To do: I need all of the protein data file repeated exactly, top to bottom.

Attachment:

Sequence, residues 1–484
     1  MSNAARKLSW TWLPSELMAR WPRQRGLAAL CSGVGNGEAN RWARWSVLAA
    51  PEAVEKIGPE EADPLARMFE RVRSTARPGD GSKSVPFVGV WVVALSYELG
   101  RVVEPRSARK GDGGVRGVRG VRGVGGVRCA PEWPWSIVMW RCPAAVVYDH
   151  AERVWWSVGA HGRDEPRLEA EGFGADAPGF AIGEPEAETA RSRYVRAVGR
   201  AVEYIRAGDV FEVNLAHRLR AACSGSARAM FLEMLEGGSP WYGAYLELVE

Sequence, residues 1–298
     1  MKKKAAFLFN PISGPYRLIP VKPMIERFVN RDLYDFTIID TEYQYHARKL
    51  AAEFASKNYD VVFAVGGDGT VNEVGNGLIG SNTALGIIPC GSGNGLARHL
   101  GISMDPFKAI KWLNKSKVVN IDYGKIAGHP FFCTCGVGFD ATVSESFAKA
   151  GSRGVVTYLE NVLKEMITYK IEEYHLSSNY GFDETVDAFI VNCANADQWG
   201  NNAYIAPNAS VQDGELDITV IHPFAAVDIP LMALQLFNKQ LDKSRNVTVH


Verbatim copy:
Sequence, residues 1–484
     1  MSNAARKLSW TWLPSELMAR WPRQRGLAAL CSGVGNGEAN RWARWSVLAA
    51  PEAVEKIGPE EADPLARMFE RVRSTARPGD GSKSVPFVGV WVVALSYELG
   101  RVVEPRSARK GDGGVRGVRG VRGVGGVRCA PEWPWSIVMW RCPAAVVYDH
   151  AERVWWSVGA HGRDEPRLEA EGFGADAPGF AIGEPEAETA RSRYVRAVGR
   201  AVEYIRAGDV FEVNLAHRLR AACSGSARAM FLEMLEGGSP WYGAYLELVE

Sequence, residues 1–298
     1  MKKKAAFLFN PISGPYRLIP VKPMIERFVN RDLYDFTIID TEYQYHARKL
    51  AAEFASKNYD VVFAVGGDGT VNEVGNGLIG SNTALGIIPC GSGNGLARHL
   101  GISMDPFKAI KWLNKSKVVN IDYGKIAGHP FFCTCGVGFD ATVSESFAKA
   151  GSRGVVTYLE NVLKEMITYK IEEYHLSSNY GFDETVDAFI VNCANADQWG
   201  NNAYIAPNAS VQDGELDITV IHPFAAVDIP LMALQLFNKQ LDKSRNVTVH